Telemedicine and radiation oncology: state of the evidence

05-13-2009 | Cancérologie

Radiation therapy is a therapeutic modality that uses ionizing radiation to treat cancer or improve its symptoms. With surgery and chemotherapy, it is part of the standard therapeutic approach for treating cancer. It is delivered through sophisticated technological infrastructures and by specialized human resources working together in multi-disciplinary teams.

The literature consulted on radiation therapy revealed two major findings: (1) cancer incidence is increasing in the industrialized world, including Canada and Québec; and (2) oncology centres are generally concentrated in large cities, while treatment needs are geographically dispersed. This situation leads to suboptimal radiotherapy service delivery. Faced with the reality that technical and organizational infrastructures are closely tied to population density, some countries have explored the use of telemedicine in radiation oncology as a possible solution. The primary purpose of this literature review was to examine telemedicine applications in radiation oncology and their potential modes of operation so as to draw lessons useful to Québec.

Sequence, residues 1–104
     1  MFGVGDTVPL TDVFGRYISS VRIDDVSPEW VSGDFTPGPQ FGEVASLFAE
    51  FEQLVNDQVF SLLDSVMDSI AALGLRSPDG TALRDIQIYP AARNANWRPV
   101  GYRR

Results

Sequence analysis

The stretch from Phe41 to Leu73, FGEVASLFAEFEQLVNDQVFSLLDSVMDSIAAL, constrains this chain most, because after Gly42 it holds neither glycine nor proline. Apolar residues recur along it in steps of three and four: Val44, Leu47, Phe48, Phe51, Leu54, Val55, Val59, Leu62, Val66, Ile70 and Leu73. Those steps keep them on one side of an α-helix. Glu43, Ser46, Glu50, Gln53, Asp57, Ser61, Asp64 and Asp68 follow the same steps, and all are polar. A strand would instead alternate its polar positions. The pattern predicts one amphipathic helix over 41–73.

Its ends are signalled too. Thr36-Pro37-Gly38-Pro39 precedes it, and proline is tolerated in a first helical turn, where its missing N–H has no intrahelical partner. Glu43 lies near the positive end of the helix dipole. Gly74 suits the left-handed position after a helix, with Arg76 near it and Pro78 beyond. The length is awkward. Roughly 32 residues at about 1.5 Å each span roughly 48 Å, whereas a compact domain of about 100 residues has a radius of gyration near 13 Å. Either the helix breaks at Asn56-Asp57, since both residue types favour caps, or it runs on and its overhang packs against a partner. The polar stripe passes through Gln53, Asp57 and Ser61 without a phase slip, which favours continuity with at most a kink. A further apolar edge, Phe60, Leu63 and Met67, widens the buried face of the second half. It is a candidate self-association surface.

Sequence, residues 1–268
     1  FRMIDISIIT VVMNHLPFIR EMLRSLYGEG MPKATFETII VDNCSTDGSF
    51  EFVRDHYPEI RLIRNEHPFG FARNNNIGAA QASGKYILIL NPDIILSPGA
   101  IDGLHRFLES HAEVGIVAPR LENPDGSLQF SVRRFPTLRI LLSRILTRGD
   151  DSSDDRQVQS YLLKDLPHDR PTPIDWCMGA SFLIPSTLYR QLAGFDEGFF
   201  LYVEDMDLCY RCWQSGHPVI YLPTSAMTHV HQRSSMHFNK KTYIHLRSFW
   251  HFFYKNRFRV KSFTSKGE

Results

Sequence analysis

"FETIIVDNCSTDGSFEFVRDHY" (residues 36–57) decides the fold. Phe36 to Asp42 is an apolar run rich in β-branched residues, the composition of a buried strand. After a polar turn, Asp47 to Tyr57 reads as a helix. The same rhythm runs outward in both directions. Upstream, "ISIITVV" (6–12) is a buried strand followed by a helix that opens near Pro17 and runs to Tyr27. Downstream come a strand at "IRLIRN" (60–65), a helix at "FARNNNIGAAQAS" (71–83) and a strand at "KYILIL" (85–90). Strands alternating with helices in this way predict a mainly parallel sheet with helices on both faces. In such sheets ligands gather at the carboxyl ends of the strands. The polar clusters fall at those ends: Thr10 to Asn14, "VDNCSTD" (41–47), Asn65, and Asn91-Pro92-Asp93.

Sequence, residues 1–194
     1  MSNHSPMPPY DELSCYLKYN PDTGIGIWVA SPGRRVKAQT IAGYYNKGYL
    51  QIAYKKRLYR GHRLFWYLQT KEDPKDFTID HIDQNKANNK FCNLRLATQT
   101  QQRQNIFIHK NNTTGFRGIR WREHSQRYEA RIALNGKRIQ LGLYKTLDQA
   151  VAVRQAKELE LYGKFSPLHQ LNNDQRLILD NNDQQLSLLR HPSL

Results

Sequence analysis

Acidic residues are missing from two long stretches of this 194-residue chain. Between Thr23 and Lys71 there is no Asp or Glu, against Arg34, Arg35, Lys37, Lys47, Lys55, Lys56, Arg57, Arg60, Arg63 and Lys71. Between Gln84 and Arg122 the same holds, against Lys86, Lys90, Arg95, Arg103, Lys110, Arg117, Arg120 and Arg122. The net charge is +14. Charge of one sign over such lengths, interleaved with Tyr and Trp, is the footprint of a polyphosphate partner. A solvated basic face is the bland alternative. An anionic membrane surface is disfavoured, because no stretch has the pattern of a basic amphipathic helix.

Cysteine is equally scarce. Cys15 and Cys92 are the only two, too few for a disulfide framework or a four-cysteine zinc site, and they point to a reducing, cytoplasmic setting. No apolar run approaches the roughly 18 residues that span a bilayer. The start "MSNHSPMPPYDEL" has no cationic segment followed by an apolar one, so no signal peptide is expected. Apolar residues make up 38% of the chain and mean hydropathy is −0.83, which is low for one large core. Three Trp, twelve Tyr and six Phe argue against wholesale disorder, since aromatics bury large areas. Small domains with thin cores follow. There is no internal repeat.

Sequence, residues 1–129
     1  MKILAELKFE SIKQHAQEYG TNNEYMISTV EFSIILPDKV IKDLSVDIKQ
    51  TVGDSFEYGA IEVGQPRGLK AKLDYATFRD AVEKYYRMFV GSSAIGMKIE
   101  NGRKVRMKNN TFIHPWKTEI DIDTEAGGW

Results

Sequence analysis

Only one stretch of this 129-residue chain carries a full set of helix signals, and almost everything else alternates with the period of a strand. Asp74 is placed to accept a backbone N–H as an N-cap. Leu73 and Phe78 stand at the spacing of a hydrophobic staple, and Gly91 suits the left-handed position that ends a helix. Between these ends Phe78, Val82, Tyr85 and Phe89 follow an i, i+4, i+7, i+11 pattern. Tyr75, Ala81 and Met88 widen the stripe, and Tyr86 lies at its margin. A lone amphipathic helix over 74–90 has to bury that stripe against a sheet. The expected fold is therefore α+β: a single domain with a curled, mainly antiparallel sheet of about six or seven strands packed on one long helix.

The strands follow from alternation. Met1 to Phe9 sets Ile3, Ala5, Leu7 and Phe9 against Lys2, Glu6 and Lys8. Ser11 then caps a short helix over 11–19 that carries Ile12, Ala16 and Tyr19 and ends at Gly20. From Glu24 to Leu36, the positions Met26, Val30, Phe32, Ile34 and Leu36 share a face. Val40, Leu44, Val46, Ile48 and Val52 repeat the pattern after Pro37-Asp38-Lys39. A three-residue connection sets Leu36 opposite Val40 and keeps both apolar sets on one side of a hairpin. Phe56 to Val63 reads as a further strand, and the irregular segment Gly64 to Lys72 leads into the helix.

In conclusion, this literature review showed that the main application of telemedicine in radiation oncology is remote treatment planning. It can contribute to networking different centres and to decentralizing radiotherapy services by providing satellite centres with access to expertise not available on site. However, the success of this activity depends on implementing a stringent quality-assurance process.


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